We do not agree with the taxpayer's assertion. Instructing the county collector to make an application for judgment for sale under the Scavenger Act "in the manner prescribed" for the annual sale directs only that the form of the application and the proceedings in which the scavenger application is presented should resemble those forms and proceedings used for the application of an annual sale. If "in the manner prescribed" means, as the taxpayer contends, that mailed notice and all other required conduct incident to the filing of an application for annual sale were likewise necessary for the filing of an application for a scavenger sale, it would have been unnecessary for the Scavenger Act provision to specify that the scavenger " advertisement and application" must be made in the same manner as the annual advertisement. The mandate for advertisement would be subsumed within the meaning of "application," the same as the taxpayer contends section 230 notice to have been. But the legislature did specify that the scavenger advertisement be made "in the manner prescribed" for annual sales; since we are reluctant to adopt a construction rendering words or phrases of enacted laws superfluous (Niven v. Siqueira (1985), 109 Ill. 2d 357, 365), we are not persuaded to follow the broad interpretation of the "in the manner prescribed" clause urged by the taxpayer.
Section 230 provides for notice by mail "of application for judgment for sale of delinquent lands or lots." (Emphasis added.) Applications under the Scavenger Act are, like those for annual sale, applications for judgment for sale of tax delinquent property, so the taxpayer contends that section 230 applies by its own force in scavenger proceedings. The county collector counters that although the Scavenger Act has coexisted with the notice by mail provision since the Scavenger Act's inception over 40 years ago, the county has never thought the mailed notice provision applicable to scavenger sales and never sent mailed notice of scavenger proceedings.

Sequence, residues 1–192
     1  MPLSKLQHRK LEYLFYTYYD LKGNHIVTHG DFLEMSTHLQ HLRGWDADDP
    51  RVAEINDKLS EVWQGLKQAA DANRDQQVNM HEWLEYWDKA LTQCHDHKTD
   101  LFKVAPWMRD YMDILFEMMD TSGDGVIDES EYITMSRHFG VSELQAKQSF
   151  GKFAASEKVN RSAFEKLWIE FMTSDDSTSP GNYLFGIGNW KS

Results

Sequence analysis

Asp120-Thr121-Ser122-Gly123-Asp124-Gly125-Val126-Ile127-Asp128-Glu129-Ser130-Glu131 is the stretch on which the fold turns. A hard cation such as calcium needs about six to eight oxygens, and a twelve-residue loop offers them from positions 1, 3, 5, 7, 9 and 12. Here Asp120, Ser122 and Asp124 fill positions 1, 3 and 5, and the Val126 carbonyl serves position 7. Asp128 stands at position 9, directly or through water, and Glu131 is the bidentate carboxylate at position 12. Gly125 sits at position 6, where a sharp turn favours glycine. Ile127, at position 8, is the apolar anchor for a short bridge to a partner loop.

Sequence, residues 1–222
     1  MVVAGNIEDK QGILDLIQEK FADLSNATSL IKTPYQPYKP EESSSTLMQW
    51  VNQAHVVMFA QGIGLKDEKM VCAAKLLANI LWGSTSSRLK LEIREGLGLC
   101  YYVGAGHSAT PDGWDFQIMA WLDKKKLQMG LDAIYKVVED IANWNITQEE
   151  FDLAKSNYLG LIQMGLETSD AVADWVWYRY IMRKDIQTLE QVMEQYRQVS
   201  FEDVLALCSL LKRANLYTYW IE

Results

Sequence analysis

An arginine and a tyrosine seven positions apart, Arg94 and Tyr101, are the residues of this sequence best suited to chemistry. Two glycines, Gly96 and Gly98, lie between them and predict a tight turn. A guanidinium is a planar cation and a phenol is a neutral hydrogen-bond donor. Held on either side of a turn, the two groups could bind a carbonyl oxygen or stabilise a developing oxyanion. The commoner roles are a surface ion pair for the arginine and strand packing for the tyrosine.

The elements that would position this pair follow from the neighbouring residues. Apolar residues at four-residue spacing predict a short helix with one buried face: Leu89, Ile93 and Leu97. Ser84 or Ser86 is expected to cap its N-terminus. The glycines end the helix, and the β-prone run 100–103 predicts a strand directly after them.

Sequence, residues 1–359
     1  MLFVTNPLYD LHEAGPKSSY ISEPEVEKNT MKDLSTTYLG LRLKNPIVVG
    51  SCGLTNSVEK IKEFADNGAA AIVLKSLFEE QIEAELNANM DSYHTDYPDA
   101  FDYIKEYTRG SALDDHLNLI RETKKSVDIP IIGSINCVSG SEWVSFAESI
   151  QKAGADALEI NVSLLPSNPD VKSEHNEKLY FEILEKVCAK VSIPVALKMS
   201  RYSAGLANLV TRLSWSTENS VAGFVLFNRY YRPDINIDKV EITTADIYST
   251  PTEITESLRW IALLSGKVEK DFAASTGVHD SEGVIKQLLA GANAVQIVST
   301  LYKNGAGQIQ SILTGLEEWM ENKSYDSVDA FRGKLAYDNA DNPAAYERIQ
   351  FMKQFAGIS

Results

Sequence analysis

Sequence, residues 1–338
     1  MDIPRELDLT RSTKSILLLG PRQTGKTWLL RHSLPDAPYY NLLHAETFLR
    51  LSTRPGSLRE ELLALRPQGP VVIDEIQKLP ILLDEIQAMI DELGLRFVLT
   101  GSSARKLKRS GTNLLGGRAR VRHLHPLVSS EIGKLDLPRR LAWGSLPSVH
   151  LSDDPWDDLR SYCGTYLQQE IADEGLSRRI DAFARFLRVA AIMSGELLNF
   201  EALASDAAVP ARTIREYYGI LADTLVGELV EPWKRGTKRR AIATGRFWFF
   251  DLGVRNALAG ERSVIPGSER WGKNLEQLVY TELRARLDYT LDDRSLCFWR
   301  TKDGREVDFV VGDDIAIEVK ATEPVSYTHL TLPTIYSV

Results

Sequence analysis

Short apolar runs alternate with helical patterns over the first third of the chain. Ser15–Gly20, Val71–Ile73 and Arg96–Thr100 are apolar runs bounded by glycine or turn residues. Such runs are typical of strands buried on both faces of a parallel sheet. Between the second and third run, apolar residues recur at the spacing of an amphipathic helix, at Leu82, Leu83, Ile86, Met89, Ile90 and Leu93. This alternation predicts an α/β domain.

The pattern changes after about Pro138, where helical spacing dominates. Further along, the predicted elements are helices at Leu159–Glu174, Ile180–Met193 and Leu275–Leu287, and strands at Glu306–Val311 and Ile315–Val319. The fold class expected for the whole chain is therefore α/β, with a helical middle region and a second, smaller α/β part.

Under section 225, the annual sale provision, the county collector makes an "application for judgment of sale of [tax] delinquent lands and lots." Section 230 requires mailed notice when application is made for "judgment for sale of delinquent lands and lots." The Scavenger Act, however, refers to that application as one for "judgment for sale of all tracts of lands and lots upon which all or a part of the general taxes for each of 5 or more years are delinquent." (Emphasis added.) Because section 230 tracks precisely the language of the annual sale statute but not the Scavenger Act, it is unclear whether the legislature intended the mailed notice requirement to apply in scavenger proceedings. In the context of that ambiguity, the county collector's longstanding interpretation is persuasive (People ex rel. Watson v. House of Vinson (1974), 59 Ill. 2d 508, 514-15; Fried v. Danaher (1970), 46 Ill. 2d 475, 478), and because the collector's interpretation is not unreasonable and the taxpayer's alternative would impose substantial costs on the county, there is valid reason to conclude that the collector has interpreted the statute properly until it is amended by the General Assembly. Cf. Miller v. Lockett (1983), 98 Ill. 2d 478, 483; Mitchell v. Mahin (1972), 51 Ill. 2d 452, 456.